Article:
In the proposed talk we present a Python extension to the massively parallel HPC simulation toolkit waLBerla. waLBerla is a framework for stencil based algorithms operating on block-structured grids with the main application field being fluid simulations in complex geometries using the lattice Boltzmann method. Additionally, a free-surface extension based on a volume-of-fluid approach and phase-field methods have been implemented in this framework. Careful performance engineering results in excellent node performance and good scalability to over 400,000 cores. To increase the usability and flexibility of the C++ framework, a Python interface was developed.
We embed the Python interpreter in existing waLBerla C++ application, providing the possibility to call Python functions from C++ code. These callbacks are used at all stages of the simulation pipeline: They simplify and automate scenario setup, evaluation, and plotting. We show how our Python interface outperforms the existing text-file-based configuration mechanism, providing features like automatic nondimensionalization of physical quantities and handling of complex parameter dependencies. Furthermore, Python is used to process and evaluate results while the simulation is running, leading to smaller output files and the possibility to adjust parameters dependent on the current simulation state.
waLBerla's central C++ data structures are exported such that a seamless interfacing to other numerical Python libraries like numpy or scipy is possible. This is achieved by implemented the Buffer Protocol for waLBerla's structured grids, such that they can be accessed in Python without having to copy them.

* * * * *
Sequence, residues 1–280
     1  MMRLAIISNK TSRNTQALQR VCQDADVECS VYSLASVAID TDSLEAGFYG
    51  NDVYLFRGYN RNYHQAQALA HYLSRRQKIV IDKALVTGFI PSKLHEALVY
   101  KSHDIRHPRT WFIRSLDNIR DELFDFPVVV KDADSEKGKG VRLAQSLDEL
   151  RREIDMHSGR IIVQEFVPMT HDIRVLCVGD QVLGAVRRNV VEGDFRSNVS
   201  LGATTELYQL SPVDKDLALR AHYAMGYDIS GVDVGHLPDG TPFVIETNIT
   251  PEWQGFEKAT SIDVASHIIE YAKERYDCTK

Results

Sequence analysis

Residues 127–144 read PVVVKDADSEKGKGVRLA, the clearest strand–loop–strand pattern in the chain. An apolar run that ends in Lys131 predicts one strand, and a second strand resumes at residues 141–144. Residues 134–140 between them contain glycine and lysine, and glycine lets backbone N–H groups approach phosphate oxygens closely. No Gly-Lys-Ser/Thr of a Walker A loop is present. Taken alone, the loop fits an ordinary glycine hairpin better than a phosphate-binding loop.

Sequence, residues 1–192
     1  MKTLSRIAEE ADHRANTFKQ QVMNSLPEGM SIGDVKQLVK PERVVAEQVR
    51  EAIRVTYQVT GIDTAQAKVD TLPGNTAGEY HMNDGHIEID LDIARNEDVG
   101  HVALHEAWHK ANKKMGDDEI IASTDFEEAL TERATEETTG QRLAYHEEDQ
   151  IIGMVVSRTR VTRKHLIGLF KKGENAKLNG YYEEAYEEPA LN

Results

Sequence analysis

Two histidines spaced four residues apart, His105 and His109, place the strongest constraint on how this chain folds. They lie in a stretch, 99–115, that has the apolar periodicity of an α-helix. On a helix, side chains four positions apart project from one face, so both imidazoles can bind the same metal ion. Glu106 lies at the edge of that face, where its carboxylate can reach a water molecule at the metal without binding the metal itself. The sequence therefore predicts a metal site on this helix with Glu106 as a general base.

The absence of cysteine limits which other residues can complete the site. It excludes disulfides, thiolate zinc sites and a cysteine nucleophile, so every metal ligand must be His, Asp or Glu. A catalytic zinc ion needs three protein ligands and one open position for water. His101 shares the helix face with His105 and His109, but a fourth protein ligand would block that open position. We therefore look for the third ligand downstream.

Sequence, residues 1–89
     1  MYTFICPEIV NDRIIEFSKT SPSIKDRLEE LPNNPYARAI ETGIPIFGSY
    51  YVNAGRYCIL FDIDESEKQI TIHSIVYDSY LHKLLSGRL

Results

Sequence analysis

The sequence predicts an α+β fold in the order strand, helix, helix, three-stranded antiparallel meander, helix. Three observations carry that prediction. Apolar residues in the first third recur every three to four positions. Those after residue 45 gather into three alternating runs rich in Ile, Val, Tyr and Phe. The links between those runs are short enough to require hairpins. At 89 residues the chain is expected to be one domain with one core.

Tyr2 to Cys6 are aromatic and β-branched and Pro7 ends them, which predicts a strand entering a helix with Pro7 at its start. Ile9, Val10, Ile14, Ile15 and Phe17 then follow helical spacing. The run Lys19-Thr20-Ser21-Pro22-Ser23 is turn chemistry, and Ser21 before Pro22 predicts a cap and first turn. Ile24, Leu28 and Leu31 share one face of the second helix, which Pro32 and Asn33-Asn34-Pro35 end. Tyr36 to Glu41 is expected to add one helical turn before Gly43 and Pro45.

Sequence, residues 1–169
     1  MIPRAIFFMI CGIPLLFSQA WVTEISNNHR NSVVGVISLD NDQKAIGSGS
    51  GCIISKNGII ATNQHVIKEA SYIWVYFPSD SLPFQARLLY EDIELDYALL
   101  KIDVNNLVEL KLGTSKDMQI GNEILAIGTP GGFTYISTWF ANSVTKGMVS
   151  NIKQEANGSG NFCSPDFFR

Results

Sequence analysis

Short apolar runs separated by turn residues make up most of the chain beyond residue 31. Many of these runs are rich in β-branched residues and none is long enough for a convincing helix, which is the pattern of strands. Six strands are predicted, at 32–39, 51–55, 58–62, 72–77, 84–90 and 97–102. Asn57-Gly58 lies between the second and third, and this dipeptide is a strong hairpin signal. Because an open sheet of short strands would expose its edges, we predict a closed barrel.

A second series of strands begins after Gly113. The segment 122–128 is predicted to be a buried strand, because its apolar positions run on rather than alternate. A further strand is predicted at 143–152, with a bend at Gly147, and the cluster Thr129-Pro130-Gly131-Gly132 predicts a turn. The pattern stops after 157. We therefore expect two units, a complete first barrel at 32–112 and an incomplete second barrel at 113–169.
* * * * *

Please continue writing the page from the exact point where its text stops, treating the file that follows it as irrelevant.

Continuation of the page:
Besides embedding the Python interpreter in C++ applications, we additionally package the waLBerla framework as a Python module, such that Python can be the driving language of the simulation. The module is distributed using the conda package manager, and interactive Python notebooks are available as tutorial.
The flexibility and expressive power of Python enables the user to develop code faster compared to C++. It is therefore also suitable for prototyping of new methods or boundary conditions, a task that previously was done using tools like Matlab. The Python interface of waLBerla makes the framework more attractive for domain experts, which typically are not familiar with C++ programming.